‘Silent pandemic’ will follow after corona
The development of new antibiotics yields so little that the world has become highly dependent on a group of small and medium-sized companies that are often in bad financial shape. Some of them are seeking collaboration with Chinese parties to spread risks and avoid bankruptcy, non-profit research organization Access to Medicine Foundation (ATMF) reported Thursday.
While the corona outbreak has not yet been contained worldwide, microbiologists are increasingly warning about what they call a ‘silent pandemic’: the rapidly increasing resistance of pathogenic fungi and bacteria to antibiotics. An estimated 700,000 people, mostly children and the elderly, die each year from infectious diseases such as blood poisoning, pneumonia and tuberculosis caused by resistant pathogens. Most of the victims are in low- and middle-income countries.
The United Nations wrote two years ago that their number will rise to more than 10 million deaths a year over the next three decades if global action is not taken quickly. That is slightly more than there are annually die from cancer, while Covid-19 according to official statistics so far worldwide 3.75 million victims. In addition, effective antibiotics are necessary for safe surgery and for new treatments for several serious conditions, including cancer.
“Although history tells us that every hundred years there is one pandemic, the next is already a fact,” concluded Professor of microbiology Tina Joshi of the University of Plymouth recently in the British journal The New Statesman. According to Joshi and other experts, resistant pathogens, along with climate change, pose the greatest threat to public health.
Indispensable in the fight against advancing resistance of bacteria are new, innovative forms of antibiotics. But they are underdeveloped. The pipeline is “almost static”, the World Health Organization recently wrote . Only a handful of new antibiotics have entered the market in recent years. Most of them (82 percent) are derivatives of existing drugs to which some strains of bacteria have already built up resistance. The expectation is that the same will happen with the modified variants in the foreseeable future.
The development of new antibiotics is costly and risky, while expected returns upon success are modest at best. Margins on antibiotics are relatively low. More importantly, in order to prevent rapid resistance, it is necessary to distribute antibiotics in a highly targeted and limited quantity, followed by close monitoring of use and emerging resistance. It is precisely the excessive and ‘careless’ use of antibiotics, in both humans and animals, that encourages resistance. “Companies often get neither the margin nor the volume,” sums up ATMF director Jayasree Iyer.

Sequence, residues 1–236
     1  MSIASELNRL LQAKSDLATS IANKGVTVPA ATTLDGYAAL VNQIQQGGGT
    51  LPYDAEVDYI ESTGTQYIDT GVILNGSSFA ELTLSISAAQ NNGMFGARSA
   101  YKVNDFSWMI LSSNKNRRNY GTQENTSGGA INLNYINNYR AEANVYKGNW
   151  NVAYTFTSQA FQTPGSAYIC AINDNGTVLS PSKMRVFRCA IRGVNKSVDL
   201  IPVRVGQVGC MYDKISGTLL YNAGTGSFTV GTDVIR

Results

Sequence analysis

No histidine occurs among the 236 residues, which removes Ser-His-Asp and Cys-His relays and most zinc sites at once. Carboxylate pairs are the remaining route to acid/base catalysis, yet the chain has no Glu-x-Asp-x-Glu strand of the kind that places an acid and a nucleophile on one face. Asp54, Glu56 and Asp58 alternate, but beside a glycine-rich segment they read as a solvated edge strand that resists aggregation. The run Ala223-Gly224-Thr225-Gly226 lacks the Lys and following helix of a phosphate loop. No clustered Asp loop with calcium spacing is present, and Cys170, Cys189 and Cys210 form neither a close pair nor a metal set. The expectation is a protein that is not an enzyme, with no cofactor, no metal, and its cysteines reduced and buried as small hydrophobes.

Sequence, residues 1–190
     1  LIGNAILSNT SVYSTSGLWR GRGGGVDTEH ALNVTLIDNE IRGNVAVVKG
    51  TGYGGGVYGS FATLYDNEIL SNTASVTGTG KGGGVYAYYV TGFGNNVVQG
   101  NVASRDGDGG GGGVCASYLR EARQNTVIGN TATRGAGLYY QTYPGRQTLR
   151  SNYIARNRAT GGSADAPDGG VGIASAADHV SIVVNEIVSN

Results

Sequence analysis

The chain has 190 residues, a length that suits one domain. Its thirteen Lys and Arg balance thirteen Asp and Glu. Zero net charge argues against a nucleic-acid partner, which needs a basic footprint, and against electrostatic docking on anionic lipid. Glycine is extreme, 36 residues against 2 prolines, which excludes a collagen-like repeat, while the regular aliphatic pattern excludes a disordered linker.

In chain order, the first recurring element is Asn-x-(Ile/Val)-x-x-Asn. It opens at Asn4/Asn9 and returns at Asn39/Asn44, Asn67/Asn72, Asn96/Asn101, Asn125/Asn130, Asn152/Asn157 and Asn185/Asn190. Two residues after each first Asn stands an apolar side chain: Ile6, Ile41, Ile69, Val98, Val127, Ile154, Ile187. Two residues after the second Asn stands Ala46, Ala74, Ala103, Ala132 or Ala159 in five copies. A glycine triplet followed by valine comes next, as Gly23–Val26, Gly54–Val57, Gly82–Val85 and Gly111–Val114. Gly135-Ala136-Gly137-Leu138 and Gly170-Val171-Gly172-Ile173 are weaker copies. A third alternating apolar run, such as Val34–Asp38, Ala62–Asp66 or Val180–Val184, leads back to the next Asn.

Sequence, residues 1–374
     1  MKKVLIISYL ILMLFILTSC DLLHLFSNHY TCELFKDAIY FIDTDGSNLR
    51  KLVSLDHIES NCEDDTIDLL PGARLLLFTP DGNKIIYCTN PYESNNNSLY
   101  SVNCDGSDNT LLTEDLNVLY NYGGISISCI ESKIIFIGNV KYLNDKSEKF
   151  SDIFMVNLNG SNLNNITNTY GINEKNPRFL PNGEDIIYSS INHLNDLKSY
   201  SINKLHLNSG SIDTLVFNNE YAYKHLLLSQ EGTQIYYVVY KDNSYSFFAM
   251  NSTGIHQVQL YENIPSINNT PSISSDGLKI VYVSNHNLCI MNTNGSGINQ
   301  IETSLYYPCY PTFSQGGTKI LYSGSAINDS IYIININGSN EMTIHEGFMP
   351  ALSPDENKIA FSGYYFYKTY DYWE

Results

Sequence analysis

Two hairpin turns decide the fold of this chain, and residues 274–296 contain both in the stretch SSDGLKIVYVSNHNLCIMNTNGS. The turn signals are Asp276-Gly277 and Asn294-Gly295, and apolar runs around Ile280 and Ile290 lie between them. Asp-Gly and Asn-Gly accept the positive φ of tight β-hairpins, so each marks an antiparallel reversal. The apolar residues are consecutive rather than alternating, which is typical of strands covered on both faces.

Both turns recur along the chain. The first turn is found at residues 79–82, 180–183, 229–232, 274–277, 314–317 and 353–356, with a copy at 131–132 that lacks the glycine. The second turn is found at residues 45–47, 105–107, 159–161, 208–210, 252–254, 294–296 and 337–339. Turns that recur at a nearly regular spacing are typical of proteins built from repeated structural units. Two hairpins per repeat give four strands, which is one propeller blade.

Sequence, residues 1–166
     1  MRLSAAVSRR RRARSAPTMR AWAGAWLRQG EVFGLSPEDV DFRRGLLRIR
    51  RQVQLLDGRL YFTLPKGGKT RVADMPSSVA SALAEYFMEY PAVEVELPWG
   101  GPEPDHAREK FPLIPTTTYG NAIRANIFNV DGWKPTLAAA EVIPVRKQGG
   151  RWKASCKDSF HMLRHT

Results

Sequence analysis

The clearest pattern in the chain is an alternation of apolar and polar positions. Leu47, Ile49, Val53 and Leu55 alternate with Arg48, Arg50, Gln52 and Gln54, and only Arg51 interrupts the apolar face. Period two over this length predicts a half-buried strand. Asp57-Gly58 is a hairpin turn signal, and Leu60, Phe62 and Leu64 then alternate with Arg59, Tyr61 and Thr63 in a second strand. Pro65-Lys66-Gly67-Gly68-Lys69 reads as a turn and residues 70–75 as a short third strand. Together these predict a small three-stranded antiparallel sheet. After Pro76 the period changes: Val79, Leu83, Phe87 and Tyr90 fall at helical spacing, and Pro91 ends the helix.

That is why many large pharmaceutical companies have withdrawn from research into new antibiotics. Innovation should mainly come from smaller companies. These now account for three quarters of the upcoming experimental antibiotics, calculated the ATMF, a British and Dutch government-funded organization that investigates what pharmaceutical companies do to make medicines available to people in poor(er) countries.
According to the researchers, most smaller companies that develop antibiotics struggle to survive. Governments and philanthropic organizations usually help fund the early stages of research. In addition, here and there, including in the United Kingdom, experiments are underway with new methods of rewarding innovation. Consider a subscription model in which governments are given access to (various) antibiotics against periodic payment.
Hopeful initiatives, Iyer says, but far too few to ‘fix’ the market. Especially in later research phases, many antibiotic developers are at risk of collapse. Or they really go bankrupt, like the American biotech companies Aradigm and Achaogen, even if the results are good or drugs have already been approved. It’s what Iyer calls the “R&D Valley of Death.”
Still, some relatively small antibiotic developers manage to survive. Remarkably often, this is due to cooperation with Chinese parties, the ATMF discovered. They are responsible for part of the development and later distribution and commercialization of the antibiotic. According to Iyer, the explanation for this is that resistance of bacteria is relatively common in China and that there are therefore many patients for research.